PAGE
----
In conjunction with the UN General Assembly, the American College of Cardiology, NCD Alliance and World Heart Federation, with support from Viatris, bring together leading experts on using innovation and technology to support the health workforce in managing noncommunicable and chronic diseases
NEW YORK (Sep 20, 2023) – The American College of Cardiology (ACC), NCD Alliance and World Heart Federation (WHF), with support from Viatris, brought together leaders in global health and technology for a “Enhancing the Health Workforce Through Innovation,” forum yesterday in New York. The event was held in advance of the 78th session of the U.N. General Assembly discussion on the need for universal health coverage to improve global access to care and reduce the out-of-pocket burden of rising health care costs.
“ACC has been committed to improving health care for all globally by engaging in global health advocacy and supporting clinicians and health care professionals to better manage noncommunicable diseases,” said ACC President Hadley Wilson, MD, FACC.
According to the World Health Organization, noncommunicable diseases (NCDs) are the leading cause of death globally, with cardiovascular diseases accounting for 32% of all global deaths in 2019. Over 75% of those deaths occur in low- and middle-income countries, where people often struggle with significant out of pocket health care costs. A large portion of health development expenditures globally has focused on communicable disease, but the burden of disease cost from NCDs is significant and growing as the world’s population ages.
ACC, NCD Alliance, WHF and Viatris, organized the event to illustrate that health coverage alone does not guarantee access to care and highlight the need for attention to the health workforce; share examples of how technology is supporting global health workforce training; highlight case studies of how successful implementation of technology at the front lines of care delivery can support better management of NCDs in communities; and provide policymakers with concrete ideas of how workforce issues can be addressed through task shifting, training and supportive technology.
“Advances in technology have democratized banking, transportation, education and commercial shopping throughout the world allowing people to solve many of their problems outside of the traditional brick and mortar system,” said Tom A. Gaziano, Chair of WHF’s Science Committee. “Health care is the one sector that has not adequately adopted the technology to increase access to care and allow patient empowerment often from within their own homes. However, the tools are there for the taking, we just need to mobilize to adopt the technology and free ourselves from the model that solely revolves around the clinic and the hospital.”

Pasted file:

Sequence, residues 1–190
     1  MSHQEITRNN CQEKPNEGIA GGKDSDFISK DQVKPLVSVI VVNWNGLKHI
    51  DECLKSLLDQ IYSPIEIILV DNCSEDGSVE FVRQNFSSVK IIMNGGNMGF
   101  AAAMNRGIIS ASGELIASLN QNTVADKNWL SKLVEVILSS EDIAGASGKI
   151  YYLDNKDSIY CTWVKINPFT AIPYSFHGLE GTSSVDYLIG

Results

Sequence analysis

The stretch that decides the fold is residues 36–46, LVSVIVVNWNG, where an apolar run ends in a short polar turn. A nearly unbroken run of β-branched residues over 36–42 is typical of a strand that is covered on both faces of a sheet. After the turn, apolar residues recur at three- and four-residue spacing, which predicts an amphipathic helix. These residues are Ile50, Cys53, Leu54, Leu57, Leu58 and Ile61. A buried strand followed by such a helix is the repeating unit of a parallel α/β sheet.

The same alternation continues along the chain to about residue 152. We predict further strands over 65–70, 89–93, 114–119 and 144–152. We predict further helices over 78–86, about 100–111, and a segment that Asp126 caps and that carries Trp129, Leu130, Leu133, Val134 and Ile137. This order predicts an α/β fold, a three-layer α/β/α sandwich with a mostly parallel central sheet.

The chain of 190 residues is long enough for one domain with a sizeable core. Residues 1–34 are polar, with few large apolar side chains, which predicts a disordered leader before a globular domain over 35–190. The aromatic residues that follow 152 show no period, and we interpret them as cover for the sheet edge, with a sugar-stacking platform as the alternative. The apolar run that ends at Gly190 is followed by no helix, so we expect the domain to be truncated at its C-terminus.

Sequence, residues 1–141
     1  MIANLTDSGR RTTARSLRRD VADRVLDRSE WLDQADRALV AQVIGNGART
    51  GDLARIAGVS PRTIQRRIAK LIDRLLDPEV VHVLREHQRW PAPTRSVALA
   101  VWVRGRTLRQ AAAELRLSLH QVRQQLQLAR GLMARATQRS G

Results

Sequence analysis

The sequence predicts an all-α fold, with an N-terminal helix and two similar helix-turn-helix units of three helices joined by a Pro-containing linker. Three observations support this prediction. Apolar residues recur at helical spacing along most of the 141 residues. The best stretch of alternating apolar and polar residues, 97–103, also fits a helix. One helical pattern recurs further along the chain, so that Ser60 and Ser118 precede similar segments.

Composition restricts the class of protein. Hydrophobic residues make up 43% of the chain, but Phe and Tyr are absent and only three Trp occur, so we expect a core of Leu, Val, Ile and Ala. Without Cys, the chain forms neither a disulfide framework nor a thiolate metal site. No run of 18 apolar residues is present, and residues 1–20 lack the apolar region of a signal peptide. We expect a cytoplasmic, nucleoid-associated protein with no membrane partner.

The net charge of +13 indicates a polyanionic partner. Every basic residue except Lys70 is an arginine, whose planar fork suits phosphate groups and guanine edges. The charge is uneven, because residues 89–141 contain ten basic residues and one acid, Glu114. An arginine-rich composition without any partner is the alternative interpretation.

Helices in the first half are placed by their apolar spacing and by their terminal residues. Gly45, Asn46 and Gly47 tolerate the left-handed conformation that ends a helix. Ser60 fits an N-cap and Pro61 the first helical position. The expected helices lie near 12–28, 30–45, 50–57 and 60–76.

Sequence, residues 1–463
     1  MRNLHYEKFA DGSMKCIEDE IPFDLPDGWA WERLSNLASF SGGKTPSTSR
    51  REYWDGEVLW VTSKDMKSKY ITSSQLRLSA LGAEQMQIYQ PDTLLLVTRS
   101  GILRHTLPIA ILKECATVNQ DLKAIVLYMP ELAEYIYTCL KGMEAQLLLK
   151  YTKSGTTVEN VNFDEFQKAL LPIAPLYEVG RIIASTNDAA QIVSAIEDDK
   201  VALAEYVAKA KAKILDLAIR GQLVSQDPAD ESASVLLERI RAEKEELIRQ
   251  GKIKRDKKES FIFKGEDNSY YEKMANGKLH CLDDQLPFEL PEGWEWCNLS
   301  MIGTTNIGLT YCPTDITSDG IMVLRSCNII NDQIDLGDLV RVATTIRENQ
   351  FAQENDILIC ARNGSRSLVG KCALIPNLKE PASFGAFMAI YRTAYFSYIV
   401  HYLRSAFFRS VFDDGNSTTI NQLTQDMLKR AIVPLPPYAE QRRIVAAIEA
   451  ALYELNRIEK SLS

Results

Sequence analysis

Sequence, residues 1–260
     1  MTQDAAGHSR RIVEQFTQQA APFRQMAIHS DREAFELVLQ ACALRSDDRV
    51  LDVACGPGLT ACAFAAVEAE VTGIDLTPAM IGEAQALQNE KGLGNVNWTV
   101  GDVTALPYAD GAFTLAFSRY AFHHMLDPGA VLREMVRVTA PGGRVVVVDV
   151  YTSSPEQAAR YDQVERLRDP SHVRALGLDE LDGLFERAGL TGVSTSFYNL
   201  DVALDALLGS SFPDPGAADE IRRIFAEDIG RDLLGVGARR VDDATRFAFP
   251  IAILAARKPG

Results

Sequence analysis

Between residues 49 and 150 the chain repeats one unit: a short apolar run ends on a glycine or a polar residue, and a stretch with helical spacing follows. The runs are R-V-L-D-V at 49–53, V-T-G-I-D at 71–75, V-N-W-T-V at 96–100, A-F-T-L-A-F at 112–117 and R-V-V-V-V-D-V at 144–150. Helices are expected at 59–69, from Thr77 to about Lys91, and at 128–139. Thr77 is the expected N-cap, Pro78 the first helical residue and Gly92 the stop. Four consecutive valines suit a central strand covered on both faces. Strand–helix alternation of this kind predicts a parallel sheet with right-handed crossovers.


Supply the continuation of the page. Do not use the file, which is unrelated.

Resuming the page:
The event was moderated by ACC Chief Innovation Officer Ami Bhatt, MD, FACC, and featured keynote speakers Rebecca Bunnell, PhD, MEd, Acting Principal Deputy U.S. Global AIDS Coordinator for PEPFAR, and Tom Frieden, MD, MPH, CEO, Resolve to Save Lives, who discussed how digital health can support a more robust health care system.
“Team-based care—with doctors, nurses, pharmacists, social worker, and community health workers collaborating to support patients—is the most effective way to improve care and save lives,” Frieden said. “Digital tools that are created to support health care workers through user-centered design can accelerate progress.”
Other speakers included perspectives from people living with NCDs and panelists from across health care and the tech sector envisioning the future of a global health workforce that is built to enact universal health coverage, and an opportunity for Q&A.
“At Viatris, access is fundamental to our mission of empowering people worldwide to live healthier at every stage of life. And crucial to advancing access is a stable healthcare workforce; without it, countries will not be able to meet the individual needs of their populations and communities,” said Lobna Salem, MD, Viatris Regional Chief Medical Officer, Developed Markets North America and Europe, in a discussion on how global organizations, countries and localities can stand up integrated, digitally enabled programs. “We believe education and outreach through programs like the NCD Academy are a critical mechanism to help healthcare professionals prevent, diagnosis and treat cardiovascular disease, diabetes, cancer and other important chronic conditions.”
Learn more about “Enhancing the Health Workforce Through Innovation,” view the compete agenda and access speaker bios.
The American College of Cardiology (ACC) is the global leader in transforming cardiovascular care and improving heart health for all. As the preeminent source of professional medical education for the entire cardiovascular care team since 1949, ACC credentials cardiovascular professionals in over 140 countries who meet stringent qualifications and leads in the formation of health policy, standards and guidelines. Through its world-renowned family of JACC Journals, NCDR registries, ACC Accreditation Services, global network of Member Sections, CardioSmart patient resources and more, the College is committed to ensuring a world where science, knowledge and innovation optimize patient care and outcomes. Learn more at www.ACC.org or follow @ACCinTouch.